Agency

Background

The Agency cluster of principles includes Memory, Consent, Children, Anonymity, Privacy and data and Violence.

 

We have the right to exercise and retain control over our personal history and memory on the internet. This includes being able to access all our personal data and information online, and to be able to exercise control over this data, including knowing who has access to it and under what conditions, and the ability to delete it forever.

We call for the inclusion of the voices and experiences of young people in the decisions made about safety and security online and promote their safety, privacy, and access to information. We recognise children’s right to healthy emotional and sexual development, which includes the right to privacy and access to positive information about sex, gender and sexuality at critical times in their lives.

We defend the right to be anonymous and reject all claims to restrict anonymity online. Anonymity enables our freedom of expression online, particularly when it comes to breaking taboos of sexuality and heteronormativity, experimenting with gender identity, and enabling safety for women and queer persons affected by discrimination.

We support the right to privacy and to full control over personal data and information online at all levels. We reject practices by states and private companies to use data for profit and to manipulate behaviour online. Surveillance is the historical tool of patriarchy, used to control and restrict women’s bodies, speech and activism. We pay equal attention to surveillance practices by individuals, the private sector, the state and non-state actors.

We call on all internet stakeholders, including internet users, policy makers and the private sector, to address the issue of online harassment and technology-related violence. The attacks, threats, intimidation and policing experienced by women and queers are real, harmful and alarming, and are part of the broader issue of gender-based violence. It is our collective responsibility to address and end this.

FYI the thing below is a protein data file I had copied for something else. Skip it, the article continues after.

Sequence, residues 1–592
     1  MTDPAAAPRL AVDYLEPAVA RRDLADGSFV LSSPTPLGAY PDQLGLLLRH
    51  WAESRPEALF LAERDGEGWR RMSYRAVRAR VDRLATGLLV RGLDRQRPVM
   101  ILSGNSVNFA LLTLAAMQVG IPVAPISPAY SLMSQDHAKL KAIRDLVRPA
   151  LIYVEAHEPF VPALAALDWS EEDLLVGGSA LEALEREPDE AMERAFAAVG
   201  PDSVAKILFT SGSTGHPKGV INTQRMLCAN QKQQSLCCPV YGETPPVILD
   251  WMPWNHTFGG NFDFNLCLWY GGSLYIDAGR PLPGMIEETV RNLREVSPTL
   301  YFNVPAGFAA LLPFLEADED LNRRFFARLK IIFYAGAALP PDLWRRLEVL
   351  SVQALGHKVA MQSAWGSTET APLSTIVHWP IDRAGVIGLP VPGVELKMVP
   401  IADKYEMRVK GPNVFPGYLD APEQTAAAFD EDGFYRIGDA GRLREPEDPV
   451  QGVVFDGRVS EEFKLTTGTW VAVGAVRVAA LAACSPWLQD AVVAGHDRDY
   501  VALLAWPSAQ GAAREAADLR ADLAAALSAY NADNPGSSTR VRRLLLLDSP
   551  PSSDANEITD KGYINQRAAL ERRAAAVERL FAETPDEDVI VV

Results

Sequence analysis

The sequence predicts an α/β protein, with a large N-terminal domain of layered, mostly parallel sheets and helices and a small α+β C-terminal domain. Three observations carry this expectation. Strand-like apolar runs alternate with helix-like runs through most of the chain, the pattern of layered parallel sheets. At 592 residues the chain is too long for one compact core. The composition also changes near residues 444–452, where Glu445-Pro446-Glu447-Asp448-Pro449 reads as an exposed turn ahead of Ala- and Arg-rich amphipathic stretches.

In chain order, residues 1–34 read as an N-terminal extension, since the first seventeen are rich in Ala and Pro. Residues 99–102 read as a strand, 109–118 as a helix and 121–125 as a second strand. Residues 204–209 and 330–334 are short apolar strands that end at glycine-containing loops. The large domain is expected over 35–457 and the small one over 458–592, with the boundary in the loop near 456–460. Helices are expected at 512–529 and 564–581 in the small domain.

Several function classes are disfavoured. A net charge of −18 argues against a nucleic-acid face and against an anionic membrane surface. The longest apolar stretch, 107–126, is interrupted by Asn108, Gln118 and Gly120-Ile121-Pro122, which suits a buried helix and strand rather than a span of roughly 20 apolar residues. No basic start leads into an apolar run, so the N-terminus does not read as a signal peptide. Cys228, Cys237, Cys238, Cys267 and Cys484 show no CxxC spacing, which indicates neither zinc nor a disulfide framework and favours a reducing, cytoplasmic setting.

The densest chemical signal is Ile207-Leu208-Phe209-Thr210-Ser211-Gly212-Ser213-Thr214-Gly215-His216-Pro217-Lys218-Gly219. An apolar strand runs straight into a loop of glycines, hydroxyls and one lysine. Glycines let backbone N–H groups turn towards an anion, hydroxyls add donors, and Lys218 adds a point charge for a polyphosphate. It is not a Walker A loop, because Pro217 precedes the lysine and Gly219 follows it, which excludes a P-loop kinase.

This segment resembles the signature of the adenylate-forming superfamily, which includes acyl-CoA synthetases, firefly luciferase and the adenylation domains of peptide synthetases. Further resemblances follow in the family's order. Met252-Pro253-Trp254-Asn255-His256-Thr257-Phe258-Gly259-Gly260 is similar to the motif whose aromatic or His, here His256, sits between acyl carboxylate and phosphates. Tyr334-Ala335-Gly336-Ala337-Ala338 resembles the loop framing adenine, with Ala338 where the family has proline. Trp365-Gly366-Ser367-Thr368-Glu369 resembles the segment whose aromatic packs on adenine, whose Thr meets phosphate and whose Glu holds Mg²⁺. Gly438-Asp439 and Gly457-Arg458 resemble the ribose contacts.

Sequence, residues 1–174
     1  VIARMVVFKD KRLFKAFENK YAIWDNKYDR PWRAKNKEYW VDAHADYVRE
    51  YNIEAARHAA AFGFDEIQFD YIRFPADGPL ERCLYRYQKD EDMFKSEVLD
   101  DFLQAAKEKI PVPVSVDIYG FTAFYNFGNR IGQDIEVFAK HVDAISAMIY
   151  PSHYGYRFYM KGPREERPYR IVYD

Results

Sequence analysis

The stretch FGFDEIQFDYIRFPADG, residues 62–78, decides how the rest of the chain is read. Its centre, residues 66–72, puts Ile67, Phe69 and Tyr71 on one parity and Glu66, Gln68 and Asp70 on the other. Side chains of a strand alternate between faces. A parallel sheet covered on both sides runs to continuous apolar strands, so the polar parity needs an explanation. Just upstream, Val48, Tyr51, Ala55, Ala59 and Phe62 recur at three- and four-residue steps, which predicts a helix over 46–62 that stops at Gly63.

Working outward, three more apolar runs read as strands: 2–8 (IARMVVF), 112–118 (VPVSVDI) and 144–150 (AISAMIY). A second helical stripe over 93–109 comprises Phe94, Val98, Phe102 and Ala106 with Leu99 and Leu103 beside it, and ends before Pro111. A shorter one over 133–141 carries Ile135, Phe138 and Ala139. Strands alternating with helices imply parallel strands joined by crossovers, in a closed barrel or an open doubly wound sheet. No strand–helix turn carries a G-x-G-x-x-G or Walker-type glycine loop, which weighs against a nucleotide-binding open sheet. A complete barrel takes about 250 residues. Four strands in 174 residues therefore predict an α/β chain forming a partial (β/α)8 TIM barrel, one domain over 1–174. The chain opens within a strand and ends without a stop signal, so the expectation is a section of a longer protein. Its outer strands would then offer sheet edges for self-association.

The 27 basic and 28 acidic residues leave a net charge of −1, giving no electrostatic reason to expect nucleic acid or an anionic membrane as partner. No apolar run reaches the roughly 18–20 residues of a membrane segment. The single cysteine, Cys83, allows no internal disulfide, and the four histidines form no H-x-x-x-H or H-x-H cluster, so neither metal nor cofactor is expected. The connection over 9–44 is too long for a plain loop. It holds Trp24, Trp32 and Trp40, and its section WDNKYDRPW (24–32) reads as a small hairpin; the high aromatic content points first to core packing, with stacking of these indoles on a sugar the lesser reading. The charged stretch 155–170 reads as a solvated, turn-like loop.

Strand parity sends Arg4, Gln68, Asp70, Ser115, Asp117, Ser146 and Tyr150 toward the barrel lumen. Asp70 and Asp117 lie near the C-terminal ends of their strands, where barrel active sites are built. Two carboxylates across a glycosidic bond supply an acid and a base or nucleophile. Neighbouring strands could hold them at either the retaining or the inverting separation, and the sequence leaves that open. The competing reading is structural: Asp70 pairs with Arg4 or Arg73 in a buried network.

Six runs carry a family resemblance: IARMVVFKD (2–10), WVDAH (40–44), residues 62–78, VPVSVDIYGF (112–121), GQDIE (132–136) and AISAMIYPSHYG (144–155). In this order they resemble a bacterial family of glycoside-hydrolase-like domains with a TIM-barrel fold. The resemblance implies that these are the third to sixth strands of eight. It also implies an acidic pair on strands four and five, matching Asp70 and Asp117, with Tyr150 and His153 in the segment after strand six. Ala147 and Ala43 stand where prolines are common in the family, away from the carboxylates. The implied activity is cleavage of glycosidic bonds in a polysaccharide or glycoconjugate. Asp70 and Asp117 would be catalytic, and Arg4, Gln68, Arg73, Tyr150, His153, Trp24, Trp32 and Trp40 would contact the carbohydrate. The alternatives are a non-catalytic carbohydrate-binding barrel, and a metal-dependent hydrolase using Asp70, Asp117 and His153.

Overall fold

Chido Musodza is one of nine digital security trainers currently with Digital Society of Zimbabwe (DSZ). Her specialty is in the translation of open source applications from English to Shona, one of Zimbabwe’s local languages. Chido is also a Programme Officer with Radio Voice of the People, a national radio station that broadcasts via satellite; and podcasts, and distributes information via website and social media. She was one of the feminists who were part of the Harare City Conversation held by Association of Progressive Communications in Harare earlier this year.

From social science to sci-fi movies, a society controlled by algorithmic intelligence has been presented as an inevitability of our shared human condition. This is not without reason. All around us, we see evidence of an explosive growth in the volume, velocity and variety of data production. The affective and cognitive labour of our social interactions online produces invaluable information for capitalism today.

Caroline Tagny interviewed Rohini Lakshané, who used to work with EROTICS India, and Sheena Magenya, from the Coalition of African Lesbians during the Global meeting on gender, sexuality and the internet in April 2014 to ask them how they understand pornography from their respective contexts, and how do they engage their activism with the intersection between sexual rights and internet rights.

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